“We’re starting to see an uptick in CPAs failing to provide and/or insist on engagement letters,” she said. “As the complexity of the services increases, there is a greater need for the client to have an understanding with the CPA about the services that are being offered, the role that the CPA will play in providing those services, and the responsibilities of the client. The complexity of services requires an engagement letter in nearly every engagement. Even a simple Form 1040 may have an [Affordable Care Act] issue.”

A good engagement letter defines the responsibilities and limits of each of the parties, Werner indicated. “If a firm adopts a ‘stop work’ clause in addition to a fee arbitration clause, they can avoid having the client continue to be a drain on the firm and provide a mechanism to collect if the client has stopped paying without suing the client, which often results in a countersuit for malpractice.”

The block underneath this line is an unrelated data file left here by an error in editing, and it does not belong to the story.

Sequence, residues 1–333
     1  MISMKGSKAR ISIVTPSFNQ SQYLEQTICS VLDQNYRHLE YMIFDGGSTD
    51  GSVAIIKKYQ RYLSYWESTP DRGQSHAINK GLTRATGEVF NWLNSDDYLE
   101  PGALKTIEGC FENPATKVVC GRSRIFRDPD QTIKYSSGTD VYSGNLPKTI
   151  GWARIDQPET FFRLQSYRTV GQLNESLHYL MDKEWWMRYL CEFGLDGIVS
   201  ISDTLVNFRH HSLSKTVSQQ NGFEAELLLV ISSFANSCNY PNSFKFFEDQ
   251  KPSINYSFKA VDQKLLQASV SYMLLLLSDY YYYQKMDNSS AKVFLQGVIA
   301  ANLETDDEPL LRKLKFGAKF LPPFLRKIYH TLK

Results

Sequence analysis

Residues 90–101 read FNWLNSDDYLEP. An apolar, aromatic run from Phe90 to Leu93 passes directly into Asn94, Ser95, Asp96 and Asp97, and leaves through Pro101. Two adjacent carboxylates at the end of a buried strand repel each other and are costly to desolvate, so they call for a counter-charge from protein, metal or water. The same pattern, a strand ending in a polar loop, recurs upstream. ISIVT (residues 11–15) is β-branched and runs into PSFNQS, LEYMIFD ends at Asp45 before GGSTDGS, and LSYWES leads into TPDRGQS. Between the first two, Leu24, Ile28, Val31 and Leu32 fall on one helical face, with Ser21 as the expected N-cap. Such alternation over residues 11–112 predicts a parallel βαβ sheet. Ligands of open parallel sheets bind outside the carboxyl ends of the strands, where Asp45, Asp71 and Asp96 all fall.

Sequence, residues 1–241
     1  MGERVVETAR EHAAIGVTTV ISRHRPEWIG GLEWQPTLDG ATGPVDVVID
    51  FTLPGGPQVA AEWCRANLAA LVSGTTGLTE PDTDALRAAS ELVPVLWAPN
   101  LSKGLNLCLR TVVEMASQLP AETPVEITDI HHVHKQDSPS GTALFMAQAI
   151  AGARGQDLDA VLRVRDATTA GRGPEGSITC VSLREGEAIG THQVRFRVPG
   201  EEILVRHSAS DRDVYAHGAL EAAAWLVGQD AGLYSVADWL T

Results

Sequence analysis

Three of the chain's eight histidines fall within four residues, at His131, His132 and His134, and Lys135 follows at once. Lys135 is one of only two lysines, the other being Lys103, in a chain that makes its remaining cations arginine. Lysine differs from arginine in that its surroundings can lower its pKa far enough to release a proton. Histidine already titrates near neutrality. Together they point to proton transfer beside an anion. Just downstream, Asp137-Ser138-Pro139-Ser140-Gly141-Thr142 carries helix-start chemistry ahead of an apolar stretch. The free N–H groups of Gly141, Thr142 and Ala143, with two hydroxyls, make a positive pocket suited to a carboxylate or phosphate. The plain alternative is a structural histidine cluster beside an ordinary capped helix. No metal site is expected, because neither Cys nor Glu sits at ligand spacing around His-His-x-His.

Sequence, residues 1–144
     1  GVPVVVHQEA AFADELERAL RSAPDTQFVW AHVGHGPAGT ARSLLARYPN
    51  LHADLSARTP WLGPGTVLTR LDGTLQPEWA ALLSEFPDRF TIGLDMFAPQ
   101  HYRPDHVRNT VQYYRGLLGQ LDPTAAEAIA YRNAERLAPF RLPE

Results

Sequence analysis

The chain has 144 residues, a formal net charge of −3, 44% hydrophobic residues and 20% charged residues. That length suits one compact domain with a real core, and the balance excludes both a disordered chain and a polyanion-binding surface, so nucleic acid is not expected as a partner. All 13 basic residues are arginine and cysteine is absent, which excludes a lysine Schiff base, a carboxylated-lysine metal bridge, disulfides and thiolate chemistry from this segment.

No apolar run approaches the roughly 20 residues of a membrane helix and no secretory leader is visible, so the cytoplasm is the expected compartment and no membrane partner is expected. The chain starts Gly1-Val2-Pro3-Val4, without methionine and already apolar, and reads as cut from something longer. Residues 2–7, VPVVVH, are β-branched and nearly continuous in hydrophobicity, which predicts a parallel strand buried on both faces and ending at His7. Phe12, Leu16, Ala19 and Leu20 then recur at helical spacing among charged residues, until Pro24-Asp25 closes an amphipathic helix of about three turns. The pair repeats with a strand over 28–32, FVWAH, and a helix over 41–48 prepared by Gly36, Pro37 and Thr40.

Due to a natural skepticism and conservative character, CPAs are often slow to adopt technologies that will assist them and their practices with efficiencies, Tolbert observed. “For instance, there are software programs that can document conversations for the CPA without the CPA typing or writing the notes after an important conversation,” she noted.   

“I recently spoke to a CPA who had a client complaining that the CPA did not complete the audit in time and that the client lost money as a result. The CPA firm said that they had had multiple conversations with the client and the client’s business partners about the lack of cooperation causing the delay. The client was well aware of this. We discussed the CPA’s policy about documenting conversations, and he stated: ‘We don’t document our conversations with clients — it takes up too much time.’ Translation: We can’t or won’t bill for it, and we are willing to take the risk that we’ll have a claim.”